— Father to be

Active Birth or Managed birth?

This article by Janet Balaskas, founder of the global Active Birth movement, clearly describes our approach to birth.

Active Birth is nothing new, and yet when Janet Balaskas founded the Active Birth Movement in the early 1980s, it began a revolution. A decade earlier, many hospitals around the world had adopted what was called ‘Active Management’ of labour—a highly technological approach, which favoured medical control over labour and birth.

Active Management was intended to standardise labour times to a maximum of 12 hours per woman. To achieve this, routine medical interventions were applied—induction of labour via amniotomy and/or Syntocinon drip; epidural anaethesia or the use of narcotic analgesics such as Pethidine; and the attachment of sensors to provide continuous electronic monitoring of the foetus.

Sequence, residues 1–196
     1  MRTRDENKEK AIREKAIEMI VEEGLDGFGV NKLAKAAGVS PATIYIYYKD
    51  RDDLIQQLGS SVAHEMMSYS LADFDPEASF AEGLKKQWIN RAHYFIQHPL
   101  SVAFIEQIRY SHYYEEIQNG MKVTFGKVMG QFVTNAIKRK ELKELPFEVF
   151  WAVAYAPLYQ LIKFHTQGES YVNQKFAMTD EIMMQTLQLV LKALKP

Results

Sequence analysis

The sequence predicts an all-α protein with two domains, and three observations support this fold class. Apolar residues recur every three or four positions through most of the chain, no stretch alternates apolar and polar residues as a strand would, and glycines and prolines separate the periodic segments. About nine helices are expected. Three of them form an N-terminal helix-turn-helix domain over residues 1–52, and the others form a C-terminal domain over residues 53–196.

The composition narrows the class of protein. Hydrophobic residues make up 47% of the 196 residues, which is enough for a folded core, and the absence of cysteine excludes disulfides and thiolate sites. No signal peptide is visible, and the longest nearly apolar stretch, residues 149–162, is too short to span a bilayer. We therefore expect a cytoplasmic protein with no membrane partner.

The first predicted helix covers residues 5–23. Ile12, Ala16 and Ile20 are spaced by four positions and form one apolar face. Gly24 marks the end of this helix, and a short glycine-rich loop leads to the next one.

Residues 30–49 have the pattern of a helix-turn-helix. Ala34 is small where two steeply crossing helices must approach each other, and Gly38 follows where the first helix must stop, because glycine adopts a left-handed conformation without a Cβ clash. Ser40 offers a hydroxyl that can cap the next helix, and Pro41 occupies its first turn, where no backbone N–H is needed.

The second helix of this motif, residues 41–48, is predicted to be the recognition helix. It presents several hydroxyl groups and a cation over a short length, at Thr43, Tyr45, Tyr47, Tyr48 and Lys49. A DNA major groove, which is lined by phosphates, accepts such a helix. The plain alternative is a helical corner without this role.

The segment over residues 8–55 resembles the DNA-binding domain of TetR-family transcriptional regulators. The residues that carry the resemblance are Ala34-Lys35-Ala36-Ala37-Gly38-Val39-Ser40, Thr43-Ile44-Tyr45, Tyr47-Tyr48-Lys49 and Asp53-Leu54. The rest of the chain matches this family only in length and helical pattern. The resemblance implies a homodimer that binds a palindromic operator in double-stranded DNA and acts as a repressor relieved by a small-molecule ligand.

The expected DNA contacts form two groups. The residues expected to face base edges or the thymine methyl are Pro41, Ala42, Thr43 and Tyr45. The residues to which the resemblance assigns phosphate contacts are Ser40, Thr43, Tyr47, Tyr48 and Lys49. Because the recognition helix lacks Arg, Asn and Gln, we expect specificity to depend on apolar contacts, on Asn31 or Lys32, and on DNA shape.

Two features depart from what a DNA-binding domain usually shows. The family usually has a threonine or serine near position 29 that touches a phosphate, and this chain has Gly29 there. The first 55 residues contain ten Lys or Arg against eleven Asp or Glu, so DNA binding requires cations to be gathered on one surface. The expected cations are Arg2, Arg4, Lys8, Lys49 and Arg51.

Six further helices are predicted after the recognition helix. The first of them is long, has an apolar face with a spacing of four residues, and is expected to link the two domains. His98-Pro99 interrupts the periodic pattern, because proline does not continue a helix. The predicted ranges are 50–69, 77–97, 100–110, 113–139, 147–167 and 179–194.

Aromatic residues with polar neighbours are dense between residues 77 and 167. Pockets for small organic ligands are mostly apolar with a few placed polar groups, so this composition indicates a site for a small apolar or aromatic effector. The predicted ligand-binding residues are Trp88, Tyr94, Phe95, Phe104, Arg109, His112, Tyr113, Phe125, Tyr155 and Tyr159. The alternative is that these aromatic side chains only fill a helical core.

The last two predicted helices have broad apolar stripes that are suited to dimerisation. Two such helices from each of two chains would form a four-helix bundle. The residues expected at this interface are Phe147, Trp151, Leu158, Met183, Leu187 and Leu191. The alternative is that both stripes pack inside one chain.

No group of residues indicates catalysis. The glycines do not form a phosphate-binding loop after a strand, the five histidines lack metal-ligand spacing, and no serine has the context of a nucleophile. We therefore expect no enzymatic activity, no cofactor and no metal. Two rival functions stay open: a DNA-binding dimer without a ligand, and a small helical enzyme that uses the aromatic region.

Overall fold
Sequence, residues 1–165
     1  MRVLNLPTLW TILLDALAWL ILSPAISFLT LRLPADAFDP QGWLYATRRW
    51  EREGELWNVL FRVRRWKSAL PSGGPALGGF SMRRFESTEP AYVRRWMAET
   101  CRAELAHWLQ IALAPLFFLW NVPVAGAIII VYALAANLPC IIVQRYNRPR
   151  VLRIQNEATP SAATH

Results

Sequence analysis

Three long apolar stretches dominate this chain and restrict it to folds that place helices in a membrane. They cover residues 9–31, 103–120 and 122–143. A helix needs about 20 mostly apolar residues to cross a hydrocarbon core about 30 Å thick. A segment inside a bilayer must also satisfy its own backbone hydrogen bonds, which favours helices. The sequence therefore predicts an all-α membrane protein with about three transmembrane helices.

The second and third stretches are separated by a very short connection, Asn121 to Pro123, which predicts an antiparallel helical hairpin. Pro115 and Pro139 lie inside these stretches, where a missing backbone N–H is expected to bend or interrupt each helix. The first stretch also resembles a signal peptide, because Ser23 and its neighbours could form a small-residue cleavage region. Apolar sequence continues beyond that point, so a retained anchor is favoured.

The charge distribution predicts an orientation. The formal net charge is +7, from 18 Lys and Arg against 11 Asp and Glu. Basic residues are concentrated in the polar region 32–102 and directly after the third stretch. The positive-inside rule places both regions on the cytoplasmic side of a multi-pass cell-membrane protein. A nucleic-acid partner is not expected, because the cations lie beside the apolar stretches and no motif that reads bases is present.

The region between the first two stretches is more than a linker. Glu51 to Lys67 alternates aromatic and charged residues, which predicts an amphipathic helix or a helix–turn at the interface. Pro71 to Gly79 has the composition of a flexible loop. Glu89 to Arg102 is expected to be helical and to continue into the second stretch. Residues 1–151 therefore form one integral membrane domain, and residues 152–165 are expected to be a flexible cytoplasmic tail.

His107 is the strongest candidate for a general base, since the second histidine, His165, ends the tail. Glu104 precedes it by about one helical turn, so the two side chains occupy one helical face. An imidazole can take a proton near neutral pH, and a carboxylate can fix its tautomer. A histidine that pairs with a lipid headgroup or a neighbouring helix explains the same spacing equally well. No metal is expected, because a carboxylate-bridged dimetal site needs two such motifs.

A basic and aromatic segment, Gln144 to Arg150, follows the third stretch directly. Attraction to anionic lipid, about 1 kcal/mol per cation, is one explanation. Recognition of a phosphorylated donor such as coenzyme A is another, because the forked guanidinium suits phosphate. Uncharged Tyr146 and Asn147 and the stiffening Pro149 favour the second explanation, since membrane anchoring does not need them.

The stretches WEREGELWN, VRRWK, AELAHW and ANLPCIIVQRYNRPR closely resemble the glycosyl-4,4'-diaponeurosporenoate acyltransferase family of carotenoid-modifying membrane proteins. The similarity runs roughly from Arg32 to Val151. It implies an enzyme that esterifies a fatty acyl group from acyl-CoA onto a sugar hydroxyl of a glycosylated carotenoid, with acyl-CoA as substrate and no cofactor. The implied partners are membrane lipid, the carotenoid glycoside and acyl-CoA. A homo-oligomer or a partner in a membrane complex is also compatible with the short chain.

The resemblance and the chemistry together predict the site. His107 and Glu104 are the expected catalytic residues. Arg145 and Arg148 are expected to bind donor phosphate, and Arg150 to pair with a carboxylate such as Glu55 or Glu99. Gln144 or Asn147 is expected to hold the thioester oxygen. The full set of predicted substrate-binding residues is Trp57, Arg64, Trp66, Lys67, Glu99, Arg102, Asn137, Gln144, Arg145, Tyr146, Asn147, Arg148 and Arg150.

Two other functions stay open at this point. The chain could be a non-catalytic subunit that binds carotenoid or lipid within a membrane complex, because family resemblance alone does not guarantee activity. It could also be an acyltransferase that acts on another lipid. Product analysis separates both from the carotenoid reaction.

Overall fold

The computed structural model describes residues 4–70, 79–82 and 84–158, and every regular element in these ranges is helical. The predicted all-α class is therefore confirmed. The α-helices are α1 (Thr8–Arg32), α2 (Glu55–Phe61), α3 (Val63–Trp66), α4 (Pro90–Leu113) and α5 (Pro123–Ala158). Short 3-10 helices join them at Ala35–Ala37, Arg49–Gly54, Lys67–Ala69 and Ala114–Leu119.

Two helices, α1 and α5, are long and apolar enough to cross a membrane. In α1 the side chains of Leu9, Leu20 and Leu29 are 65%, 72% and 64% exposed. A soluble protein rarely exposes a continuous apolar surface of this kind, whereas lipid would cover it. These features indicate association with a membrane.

As you might have guessed, ‘Active Birth’ was chosen as a deliberate play on words—to contrast with ‘Active Management’ – giving the power of birth back to the mother. But Active Management was only the latest example of the over-medicalisation of childbirth. For hundreds of years, advanced nations had been steadily transforming birth from a natural process into a medical procedure. To find women firmly in control of birth, you had to look back to the 17th Century.

In the early 1600s, European women were in control of how they gave birth. They delivered their babies in upright positions, attended by other women in the secluded and familiar environment of their homes, according to knowledge handed down the maternal line. Midwives carried birthing stools from house to house, with many families passing them down the generations.